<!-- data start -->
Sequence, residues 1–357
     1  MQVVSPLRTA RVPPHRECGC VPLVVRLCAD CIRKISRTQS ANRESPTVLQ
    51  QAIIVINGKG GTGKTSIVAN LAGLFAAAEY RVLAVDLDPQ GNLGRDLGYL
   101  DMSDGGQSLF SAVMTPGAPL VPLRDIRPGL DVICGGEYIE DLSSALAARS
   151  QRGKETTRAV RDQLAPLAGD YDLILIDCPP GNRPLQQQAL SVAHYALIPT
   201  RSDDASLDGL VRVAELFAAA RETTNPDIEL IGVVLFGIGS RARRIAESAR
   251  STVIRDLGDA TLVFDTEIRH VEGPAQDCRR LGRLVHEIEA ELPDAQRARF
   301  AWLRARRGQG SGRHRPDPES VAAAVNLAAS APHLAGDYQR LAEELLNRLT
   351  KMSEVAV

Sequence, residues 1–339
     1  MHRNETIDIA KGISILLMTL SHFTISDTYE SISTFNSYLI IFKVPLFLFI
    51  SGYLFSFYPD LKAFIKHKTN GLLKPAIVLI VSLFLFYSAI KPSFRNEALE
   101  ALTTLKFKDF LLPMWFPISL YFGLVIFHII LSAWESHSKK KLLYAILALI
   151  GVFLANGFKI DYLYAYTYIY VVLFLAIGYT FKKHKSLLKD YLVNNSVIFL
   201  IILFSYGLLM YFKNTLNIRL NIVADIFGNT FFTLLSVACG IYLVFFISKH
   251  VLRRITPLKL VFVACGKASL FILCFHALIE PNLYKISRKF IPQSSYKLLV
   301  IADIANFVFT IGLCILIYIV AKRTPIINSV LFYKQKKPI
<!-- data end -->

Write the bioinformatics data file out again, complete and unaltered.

Sequence, residues 1–357
     1  MQVVSPLRTA RVPPHRECGC VPLVVRLCAD CIRKISRTQS ANRESPTVLQ
    51  QAIIVINGKG GTGKTSIVAN LAGLFAAAEY RVLAVDLDPQ GNLGRDLGYL
   101  DMSDGGQSLF SAVMTPGAPL VPLRDIRPGL DVICGGEYIE DLSSALAARS
   151  QRGKETTRAV RDQLAPLAGD YDLILIDCPP GNRPLQQQAL SVAHYALIPT
   201  RSDDASLDGL VRVAELFAAA RETTNPDIEL IGVVLFGIGS RARRIAESAR
   251  STVIRDLGDA TLVFDTEIRH VEGPAQDCRR LGRLVHEIEA ELPDAQRARF
   301  AWLRARRGQG SGRHRPDPES VAAAVNLAAS APHLAGDYQR LAEELLNRLT
   351  KMSEVAV

Sequence, residues 1–339
     1  MHRNETIDIA KGISILLMTL SHFTISDTYE SISTFNSYLI IFKVPLFLFI
    51  SGYLFSFYPD LKAFIKHKTN GLLKPAIVLI VSLFLFYSAI KPSFRNEALE
   101  ALTTLKFKDF LLPMWFPISL YFGLVIFHII LSAWESHSKK KLLYAILALI
   151  GVFLANGFKI DYLYAYTYIY VVLFLAIGYT FKKHKSLLKD YLVNNSVIFL
   201  IILFSYGLLM YFKNTLNIRL NIVADIFGNT FFTLLSVACG IYLVFFISKH
   251  VLRRITPLKL VFVACGKASL FILCFHALIE PNLYKISRKF IPQSSYKLLV
   301  IADIANFVFT IGLCILIYIV AKRTPIINSV LFYKQKKPI